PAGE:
A section of the dry stacked stone wall that retains the edge of the koi pond has collapsed, so this must be added to the list of chores that must be accomplished before spring. There is no hurry to repair the wall, it leaned in recent years, and if it was structurally necessary it would have been repaired long before the succession of freezing and thawing toppled it over.
Rebuilding should not take long, though in the pile I see that at least one of the soft limestone slabs has broken. Somewhere around here is a pile of various stones, so if the broken piece cannot be used there’s a chance I’ll have a replacement on hand.
As often as I claim laziness and inattention to routine garden chores, there is a time when things must be done. The wall repair can wait until the weather is right, but then there is much to do before the garden begins to grow.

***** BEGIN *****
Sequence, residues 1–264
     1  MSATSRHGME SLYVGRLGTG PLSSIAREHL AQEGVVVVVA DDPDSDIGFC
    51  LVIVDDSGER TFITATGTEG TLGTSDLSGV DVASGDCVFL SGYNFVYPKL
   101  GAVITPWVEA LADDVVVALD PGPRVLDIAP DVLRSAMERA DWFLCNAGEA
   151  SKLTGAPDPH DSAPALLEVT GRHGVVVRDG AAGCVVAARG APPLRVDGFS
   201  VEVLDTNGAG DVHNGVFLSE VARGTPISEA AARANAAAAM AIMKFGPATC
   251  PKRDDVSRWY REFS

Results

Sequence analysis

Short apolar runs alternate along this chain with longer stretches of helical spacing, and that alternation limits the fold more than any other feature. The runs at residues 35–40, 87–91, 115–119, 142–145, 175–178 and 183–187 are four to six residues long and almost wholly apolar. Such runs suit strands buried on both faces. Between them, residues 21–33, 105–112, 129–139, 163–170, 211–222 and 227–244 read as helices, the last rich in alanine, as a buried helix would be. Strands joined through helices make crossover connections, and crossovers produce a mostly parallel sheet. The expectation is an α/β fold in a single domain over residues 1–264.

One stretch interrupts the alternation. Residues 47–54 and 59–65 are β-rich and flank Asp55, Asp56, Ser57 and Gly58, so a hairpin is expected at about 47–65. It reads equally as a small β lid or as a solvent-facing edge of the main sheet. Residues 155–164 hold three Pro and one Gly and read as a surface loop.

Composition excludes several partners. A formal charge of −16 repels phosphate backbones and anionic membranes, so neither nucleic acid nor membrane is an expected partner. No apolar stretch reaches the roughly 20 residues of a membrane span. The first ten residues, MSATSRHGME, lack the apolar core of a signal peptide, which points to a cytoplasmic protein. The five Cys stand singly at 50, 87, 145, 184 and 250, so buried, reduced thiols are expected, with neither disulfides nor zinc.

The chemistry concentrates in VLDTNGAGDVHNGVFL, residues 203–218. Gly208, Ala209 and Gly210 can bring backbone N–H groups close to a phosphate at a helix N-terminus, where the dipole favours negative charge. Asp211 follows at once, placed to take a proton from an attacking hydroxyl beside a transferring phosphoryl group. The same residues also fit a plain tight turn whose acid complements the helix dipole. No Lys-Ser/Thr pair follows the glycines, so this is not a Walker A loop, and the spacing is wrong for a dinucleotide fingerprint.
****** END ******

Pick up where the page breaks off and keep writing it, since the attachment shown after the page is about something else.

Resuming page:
This is a practical deadline. Piles of leaves, over wintered stems, and debris must be cleaned up before new growth gets in the way. The garden gets larger each year (though by smaller increments after twenty nine years), and the gardener gets another year older. But the work gets done, sometimes later than sooner, and it will again this year.
An added challenge is that I am often determined to get along with new projects, that are decidedly more exciting than the same old clean up chores. Fortunately, once I get moving I find the energy to keep going, but this garden is not put back into order in just a day, so mild weather through the second half of winter will be appreciated.
4 Comments Add yours
That broken wall look becomes popularly stylish every few years or so, right after an earthquake.
Few earthquakes on this end, but dry stacked walls are a traditional from Colonial days. Expanding soils in freezing temperatures are the problem, but rarely with a mortar wall with a proper footing.
Even broken, the wall looks very picturesque Dave! 😀
The rest of the garden is in ruins in mid winter, so why not this wall?